Japan’s NHK is putting an AI-powered cartoon anime on air to read you the news. 💁🏻‍♀️

This is the national broadcaster's contribution to automated journalism.

By Tim Hornyak
Splice Japan

If you tune into News Check Eleven on Japanese public broadcaster NHK TV, there’s a new feature that might give you pause. Leaping on screen to join hosts Minoru Aoi and Kaori Nagao is an animated, computer-generated character with cute looks and a nose for the latest online trends. “Yomiko”, billed as an artificially intelligent announcer, is Japan’s latest experiment in the automation of journalism.

The broadcaster, formally known as Japan Broadcasting Corporation, rolled out the AI cartoon earlier this month. Wearing a blue blazer, white skirt and earrings in the shape of an “A” and “I,” Yomiko appears to be about 30 or 40 cm tall when “standing” on a desk used by her human counterparts. In a somewhat robotic monotone, she introduces topics such as how school uniforms are being recycled and whether body odor can amount to “smell harassment” before responding to questions from Aoi and Nagao.  

“Yomiko is amazing! She’s really having a conversation!” viewer @toshitaka_szk wrote in a Twitter post that was picked up by NHK and reproduced on screen during Yomiko’s debut.

Yomiko is a virtual news announcer on NHK, Japan's public broadcaster, that uses artificial intelligence. (Image supplied)
Yomiko is a virtual news announcer on NHK, Japan's public broadcaster, that uses artificial intelligence. (Image supplied)

News meets anime

“Yomiko is a new way to deliver the news centered on the concept of ‘viewer participation,’” NHK says in a statement to Splice Newsroom. “We would like to position it as an AI announcer that will be raised along with viewers and improve its news reading and conversation skills. We hope viewers will enjoy this process.”

Yomiko was developed at NHK Science & Technology Research Laboratories, which is known for creating cutting-edge broadcasting technologies such as 4K and 8K. It’s based on software that the lab made to read news from the PyeongChang 2018 Winter Olympics earlier this year. The system uses deep learning techniques from AI and has a vocabulary of some 100,000 words. Yomiko can also read the latest bulletins through Google Home and Amazon Alexa. Viewers can also use an augmented reality app to take smartphone photos featuring Yomiko.

While Yomiko is only a one-year experiment, she has all the ingredients for success, at least with Japanese viewers. The size of a doll, with an earnest, pleasant disposition, Yomiko is far being from a threatening robotic presence.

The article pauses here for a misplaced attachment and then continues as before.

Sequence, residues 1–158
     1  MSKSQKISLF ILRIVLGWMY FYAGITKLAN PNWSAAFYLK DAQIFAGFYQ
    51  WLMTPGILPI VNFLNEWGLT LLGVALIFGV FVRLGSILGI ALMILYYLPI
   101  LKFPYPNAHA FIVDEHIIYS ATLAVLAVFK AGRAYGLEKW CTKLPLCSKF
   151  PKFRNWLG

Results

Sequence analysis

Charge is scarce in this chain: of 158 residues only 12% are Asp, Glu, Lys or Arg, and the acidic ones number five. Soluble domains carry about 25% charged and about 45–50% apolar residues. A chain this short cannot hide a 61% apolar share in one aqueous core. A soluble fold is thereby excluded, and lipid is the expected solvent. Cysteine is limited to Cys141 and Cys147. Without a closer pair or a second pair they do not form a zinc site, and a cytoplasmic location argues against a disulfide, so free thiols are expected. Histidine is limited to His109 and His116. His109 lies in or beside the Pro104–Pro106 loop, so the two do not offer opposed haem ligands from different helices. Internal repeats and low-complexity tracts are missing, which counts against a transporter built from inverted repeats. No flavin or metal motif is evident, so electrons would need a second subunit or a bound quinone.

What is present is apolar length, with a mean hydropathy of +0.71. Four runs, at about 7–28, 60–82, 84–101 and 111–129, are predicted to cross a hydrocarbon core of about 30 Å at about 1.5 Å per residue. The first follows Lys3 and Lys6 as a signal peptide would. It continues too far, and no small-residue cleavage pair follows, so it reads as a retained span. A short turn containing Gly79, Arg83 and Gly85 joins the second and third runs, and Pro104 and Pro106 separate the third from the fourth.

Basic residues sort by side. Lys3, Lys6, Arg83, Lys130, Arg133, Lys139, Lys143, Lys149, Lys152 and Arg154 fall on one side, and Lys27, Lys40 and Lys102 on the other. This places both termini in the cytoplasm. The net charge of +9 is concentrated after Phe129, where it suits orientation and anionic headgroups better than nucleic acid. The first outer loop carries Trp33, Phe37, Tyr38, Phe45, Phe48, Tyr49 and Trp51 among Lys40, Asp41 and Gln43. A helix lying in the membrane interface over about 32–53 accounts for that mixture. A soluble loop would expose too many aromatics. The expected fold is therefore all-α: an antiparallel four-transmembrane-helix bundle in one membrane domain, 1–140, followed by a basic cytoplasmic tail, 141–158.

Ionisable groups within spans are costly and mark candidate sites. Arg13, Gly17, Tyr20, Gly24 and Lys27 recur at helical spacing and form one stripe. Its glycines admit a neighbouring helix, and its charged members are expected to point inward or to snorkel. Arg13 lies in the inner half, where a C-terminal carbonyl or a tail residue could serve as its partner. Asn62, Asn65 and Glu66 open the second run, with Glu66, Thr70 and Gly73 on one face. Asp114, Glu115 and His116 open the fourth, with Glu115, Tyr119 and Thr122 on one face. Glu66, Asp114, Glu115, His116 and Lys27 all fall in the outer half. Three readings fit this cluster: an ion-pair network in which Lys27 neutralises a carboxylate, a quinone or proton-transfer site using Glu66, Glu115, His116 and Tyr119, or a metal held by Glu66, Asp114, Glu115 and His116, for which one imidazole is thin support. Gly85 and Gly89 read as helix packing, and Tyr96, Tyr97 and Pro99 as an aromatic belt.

She’s designed to look like a fresh-faced cub reporter and her name is a tongue-in-cheek play on the Japanese verb yomu, to read.

But her biggest asset is probably the fact that she was designed by manga artist Katsuki Tanaka, creator of the hit capsule toy Fuchiko on the Cup. Marketed by Kitan Club, Fuchiko is a small plastic figurine dressed like an office lady, or Japanese female clerical worker, that can be posed on the edge of cups and other objects; launched in 2012, Fuchiko has notched up sales of over 20 million units in over 1,500 variations. There’s no small resemblance between Fuchiko and Yomiko. Though NHK denies the toy was used as a model, its Yomiko page shows her sitting coquettishly on a virtual rock, holding a cup.

Appearing on News Check Eleven, Yomiko is described as
Appearing on News Check Eleven, Yomiko is described as "evolving every day with AI speech". (Image supplied)

NHK wants to enter the 21st century by moving beyond television.

So it's trying out the internet.

Read

A virtual trend

Virtual news announcers have been around since 2007 and virtual video personalities are nothing new in Japan. Kizuna AI, billed as the world’s first virtual YouTube vlogger, looks like an anime schoolgirl and has a YouTube following of over 1.5 million and was recently selected as a Japan National Tourism Organization ambassador.

But Yomiko is part of an international trend toward news automation, as seen in regional newspaper Shinano Mainichi Shimbun’s use of AI to write news summaries. For the moment, though, it’s unclear whether Japan will see more AI talking heads or if they will  threaten the jobs of human counterparts.

Asked if that could happen, NHK merely says, “We’re still in the development stage regarding Yomiko’s news reading abilities, and we would like viewers to use Yomiko for TV news, news websites, apps, smart speakers and other means.”

Tim Hornyak

Tim Hornyak is a freelance journalist based in Tokyo. He is the author of Loving the Machine: The Art and Science of Japanese Robots. Follow Tim Hornyak on Twitter.

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